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Grant Details

Grant Number: 1R01CA279953-01 Interpret this number
Primary Investigator: Scherer, Laura
Organization: University Of Colorado Denver
Project Title: Understanding and Addressing Rejection of Personalized Cancer Risk Information
Fiscal Year: 2023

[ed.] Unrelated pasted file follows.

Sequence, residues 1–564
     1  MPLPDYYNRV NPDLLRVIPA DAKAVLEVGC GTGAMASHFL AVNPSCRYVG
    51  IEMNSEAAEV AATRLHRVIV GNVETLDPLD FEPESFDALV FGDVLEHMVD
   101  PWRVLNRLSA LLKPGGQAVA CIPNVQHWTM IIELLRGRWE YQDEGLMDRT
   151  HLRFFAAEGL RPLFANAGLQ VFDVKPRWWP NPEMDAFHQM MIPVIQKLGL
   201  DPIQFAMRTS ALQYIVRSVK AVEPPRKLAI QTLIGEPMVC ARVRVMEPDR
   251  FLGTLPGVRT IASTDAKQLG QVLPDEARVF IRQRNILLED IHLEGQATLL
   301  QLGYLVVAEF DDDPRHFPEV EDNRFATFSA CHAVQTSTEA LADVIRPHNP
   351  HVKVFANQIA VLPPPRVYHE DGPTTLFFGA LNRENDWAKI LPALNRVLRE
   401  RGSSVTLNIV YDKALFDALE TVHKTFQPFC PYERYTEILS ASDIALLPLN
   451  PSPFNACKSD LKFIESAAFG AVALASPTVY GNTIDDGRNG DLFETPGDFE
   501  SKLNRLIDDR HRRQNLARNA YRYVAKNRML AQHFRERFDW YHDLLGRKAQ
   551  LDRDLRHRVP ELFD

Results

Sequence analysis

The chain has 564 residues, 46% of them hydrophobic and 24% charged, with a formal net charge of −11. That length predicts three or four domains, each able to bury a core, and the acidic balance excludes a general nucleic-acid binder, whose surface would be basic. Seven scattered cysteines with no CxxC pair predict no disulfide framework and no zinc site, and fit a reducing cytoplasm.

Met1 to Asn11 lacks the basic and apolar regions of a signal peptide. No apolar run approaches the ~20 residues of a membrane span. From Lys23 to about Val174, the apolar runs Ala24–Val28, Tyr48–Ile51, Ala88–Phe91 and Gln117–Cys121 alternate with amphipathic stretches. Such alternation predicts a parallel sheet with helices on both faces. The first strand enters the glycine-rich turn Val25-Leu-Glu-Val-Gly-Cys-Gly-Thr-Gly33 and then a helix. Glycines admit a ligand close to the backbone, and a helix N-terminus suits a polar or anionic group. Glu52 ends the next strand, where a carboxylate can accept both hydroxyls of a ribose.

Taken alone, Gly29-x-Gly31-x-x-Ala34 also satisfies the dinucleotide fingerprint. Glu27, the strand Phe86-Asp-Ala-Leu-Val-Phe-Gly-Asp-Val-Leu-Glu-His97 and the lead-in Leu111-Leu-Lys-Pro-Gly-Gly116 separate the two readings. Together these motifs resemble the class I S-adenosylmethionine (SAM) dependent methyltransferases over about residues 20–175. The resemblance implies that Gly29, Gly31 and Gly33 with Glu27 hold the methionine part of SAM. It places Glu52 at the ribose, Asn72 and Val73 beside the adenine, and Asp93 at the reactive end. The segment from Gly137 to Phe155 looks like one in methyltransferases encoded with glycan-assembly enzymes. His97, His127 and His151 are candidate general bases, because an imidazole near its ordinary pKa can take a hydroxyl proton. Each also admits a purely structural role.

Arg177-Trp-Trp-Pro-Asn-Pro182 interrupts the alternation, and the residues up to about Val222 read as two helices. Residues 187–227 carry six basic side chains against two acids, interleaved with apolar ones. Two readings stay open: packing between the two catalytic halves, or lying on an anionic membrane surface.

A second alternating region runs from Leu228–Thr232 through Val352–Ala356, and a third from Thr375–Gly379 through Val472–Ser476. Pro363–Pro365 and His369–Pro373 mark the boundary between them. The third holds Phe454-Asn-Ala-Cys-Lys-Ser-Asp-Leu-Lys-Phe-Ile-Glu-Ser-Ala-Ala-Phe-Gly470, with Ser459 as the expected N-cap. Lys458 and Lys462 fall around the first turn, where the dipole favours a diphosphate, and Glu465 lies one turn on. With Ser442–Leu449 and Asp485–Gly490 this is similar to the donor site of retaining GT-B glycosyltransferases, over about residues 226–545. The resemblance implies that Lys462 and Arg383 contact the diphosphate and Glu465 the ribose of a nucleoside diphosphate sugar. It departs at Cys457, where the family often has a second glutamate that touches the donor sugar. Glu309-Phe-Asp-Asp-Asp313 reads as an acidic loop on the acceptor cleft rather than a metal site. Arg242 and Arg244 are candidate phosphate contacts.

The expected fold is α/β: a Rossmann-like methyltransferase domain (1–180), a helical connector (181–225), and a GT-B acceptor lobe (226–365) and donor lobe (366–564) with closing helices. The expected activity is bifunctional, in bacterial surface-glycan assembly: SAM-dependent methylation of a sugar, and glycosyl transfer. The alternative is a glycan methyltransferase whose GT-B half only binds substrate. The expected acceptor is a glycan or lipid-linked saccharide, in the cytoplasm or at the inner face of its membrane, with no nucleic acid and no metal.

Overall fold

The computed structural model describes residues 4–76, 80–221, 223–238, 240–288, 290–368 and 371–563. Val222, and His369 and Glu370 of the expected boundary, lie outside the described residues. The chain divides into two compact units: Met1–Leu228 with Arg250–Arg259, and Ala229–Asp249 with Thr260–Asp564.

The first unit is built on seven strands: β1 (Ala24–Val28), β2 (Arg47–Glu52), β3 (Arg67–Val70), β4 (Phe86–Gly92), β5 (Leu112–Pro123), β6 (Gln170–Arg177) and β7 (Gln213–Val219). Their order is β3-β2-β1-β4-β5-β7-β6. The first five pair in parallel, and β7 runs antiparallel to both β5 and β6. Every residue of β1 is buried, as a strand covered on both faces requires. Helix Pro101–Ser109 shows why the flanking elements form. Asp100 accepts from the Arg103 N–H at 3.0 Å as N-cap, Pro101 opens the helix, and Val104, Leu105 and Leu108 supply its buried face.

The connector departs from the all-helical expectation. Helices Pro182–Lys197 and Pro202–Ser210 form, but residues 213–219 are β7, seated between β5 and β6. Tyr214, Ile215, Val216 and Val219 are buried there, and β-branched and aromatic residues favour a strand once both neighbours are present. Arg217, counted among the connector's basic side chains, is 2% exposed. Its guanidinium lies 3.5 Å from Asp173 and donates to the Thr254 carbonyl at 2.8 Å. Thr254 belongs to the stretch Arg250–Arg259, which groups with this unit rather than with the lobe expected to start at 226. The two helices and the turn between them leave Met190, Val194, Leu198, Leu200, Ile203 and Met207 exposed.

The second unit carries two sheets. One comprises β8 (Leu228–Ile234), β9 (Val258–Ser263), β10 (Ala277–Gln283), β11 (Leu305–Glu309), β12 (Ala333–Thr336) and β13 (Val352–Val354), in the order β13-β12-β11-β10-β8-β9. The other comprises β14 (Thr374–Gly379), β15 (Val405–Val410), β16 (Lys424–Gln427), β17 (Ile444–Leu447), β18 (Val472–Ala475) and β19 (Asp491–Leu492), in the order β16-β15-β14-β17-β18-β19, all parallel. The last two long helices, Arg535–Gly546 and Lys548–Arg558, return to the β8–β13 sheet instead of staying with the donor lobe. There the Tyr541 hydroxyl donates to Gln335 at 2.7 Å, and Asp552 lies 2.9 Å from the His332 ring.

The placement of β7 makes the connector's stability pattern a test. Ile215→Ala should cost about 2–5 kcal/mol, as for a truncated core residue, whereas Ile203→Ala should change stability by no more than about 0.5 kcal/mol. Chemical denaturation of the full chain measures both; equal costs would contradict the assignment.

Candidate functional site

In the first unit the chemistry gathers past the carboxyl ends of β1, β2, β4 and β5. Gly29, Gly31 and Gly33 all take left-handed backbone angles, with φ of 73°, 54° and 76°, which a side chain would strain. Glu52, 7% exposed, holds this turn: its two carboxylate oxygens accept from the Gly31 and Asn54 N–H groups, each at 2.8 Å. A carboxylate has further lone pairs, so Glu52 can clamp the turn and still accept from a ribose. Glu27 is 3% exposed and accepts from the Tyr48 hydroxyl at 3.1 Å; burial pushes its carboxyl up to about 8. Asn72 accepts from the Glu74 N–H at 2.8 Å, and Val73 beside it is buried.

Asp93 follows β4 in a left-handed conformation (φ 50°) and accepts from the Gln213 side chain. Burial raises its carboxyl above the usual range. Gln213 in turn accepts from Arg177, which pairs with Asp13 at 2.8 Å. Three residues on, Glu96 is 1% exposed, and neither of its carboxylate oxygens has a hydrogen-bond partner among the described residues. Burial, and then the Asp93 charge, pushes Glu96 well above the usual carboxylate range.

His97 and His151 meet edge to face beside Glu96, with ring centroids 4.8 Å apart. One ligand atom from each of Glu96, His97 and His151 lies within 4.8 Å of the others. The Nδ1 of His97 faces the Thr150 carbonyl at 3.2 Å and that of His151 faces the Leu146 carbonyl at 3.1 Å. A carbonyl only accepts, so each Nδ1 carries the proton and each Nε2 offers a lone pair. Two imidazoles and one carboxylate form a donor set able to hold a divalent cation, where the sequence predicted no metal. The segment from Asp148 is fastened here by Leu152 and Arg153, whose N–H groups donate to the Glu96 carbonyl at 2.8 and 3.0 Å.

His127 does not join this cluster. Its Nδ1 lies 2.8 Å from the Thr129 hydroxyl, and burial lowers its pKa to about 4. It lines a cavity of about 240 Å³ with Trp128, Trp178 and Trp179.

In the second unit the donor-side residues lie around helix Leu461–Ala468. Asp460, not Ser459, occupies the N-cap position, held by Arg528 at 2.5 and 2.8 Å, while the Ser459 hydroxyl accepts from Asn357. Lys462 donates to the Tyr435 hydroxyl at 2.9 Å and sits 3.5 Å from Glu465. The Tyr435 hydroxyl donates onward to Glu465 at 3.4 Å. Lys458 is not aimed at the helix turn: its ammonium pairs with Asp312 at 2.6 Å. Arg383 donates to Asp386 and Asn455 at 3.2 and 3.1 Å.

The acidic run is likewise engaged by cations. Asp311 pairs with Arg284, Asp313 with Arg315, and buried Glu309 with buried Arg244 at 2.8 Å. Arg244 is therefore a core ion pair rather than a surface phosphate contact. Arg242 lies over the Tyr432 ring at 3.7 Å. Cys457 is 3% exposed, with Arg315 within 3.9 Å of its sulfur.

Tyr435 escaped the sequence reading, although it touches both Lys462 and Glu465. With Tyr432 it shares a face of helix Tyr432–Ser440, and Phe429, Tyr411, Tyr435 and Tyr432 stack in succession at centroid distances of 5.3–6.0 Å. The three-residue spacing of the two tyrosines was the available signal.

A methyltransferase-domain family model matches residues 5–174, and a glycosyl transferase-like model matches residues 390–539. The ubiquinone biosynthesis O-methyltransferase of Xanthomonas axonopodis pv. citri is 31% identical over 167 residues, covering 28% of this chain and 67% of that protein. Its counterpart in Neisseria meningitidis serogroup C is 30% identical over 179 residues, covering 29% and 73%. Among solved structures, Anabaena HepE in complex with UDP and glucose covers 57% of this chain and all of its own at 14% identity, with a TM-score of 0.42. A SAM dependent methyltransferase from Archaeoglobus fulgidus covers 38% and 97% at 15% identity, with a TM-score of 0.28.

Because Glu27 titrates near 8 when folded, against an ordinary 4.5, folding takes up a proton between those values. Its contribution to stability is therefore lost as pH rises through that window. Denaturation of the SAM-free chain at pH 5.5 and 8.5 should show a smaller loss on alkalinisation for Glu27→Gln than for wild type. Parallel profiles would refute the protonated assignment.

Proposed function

PROJECT SUMMARY/ABSTRACT We are entering an era of precision medicine for cancer screening in which screening initiation and maintenance is based on personal risk estimates that incorporate multiple risk factors, with the goal of maximizing screening benefits and minimizing the harms. One increasingly common clinical application involves using cancer risk prediction models to inform which patients are screened, how often they are screened, and at which ages screening occurs (i.e., risk-based screening). For breast cancer screening with mammography, the U.S. Preventive Services Task Force recommends informed choice about when to begin regular screening for women age 40-49. Making an informed choice means determining whether, for an individual woman, the likelihood of receiving a screening benefit outweighs the likelihood of harms such as false positive results and overdiagnosis. A critical component of informed choice is a woman’s personal cancer risk, because the expected benefit of screening depends on a woman’s personal risk of breast cancer, with women at lower risk being less likely to benefit and more likely to be harmed than women at higher risk. Hence, incorporating informed choice into the mammography screening decision-making process means that women are asked to make decisions about screening based on their personalized breast cancer risk estimates. However, a critical barrier to implementing guideline-recommended informed choice in mammograpy screening is that many people reject that their risk estimate is true for them personally, a phenomenon we refer to as risk rejection. While previous research has focused on risk comprehension as a high-impact target for improving medical decisions, we argue that risk rejection is also a high impact target for improving health decision making because people who reject their risk are unlikely to make health decisions based on that risk estimate, even when they comprehend the estimate. An estimated 1-in-4 women believe that their breast cancer risk estimate is not accurate for them, and little is known about why, or the implications for screening decisions. In Aim 1, we will use a longitudinal survey to understand the scientific nature of risk rejection. Aim 1a will identify key demographic and psychological predictors of risk rejection. In particular, we will test 4 theory-informed hypotheses about why people reject their risk: motivated reasoning, prior knowledge, distrust, and lack of perceived personal relevance. Aim 1b will identify the impact of risk rejection on risk-concordant screening behavior. In Aim 2, we will conduct interviews and use experiments to identify communication strategies to reduce risk rejection. These studies will provide a comprehensive understanding of a phenomenon – risk rejection – which, if not addressed, will impede the implementation of informed patient choice in breast cancer screening and personalized, risk-based medicine more broadly.



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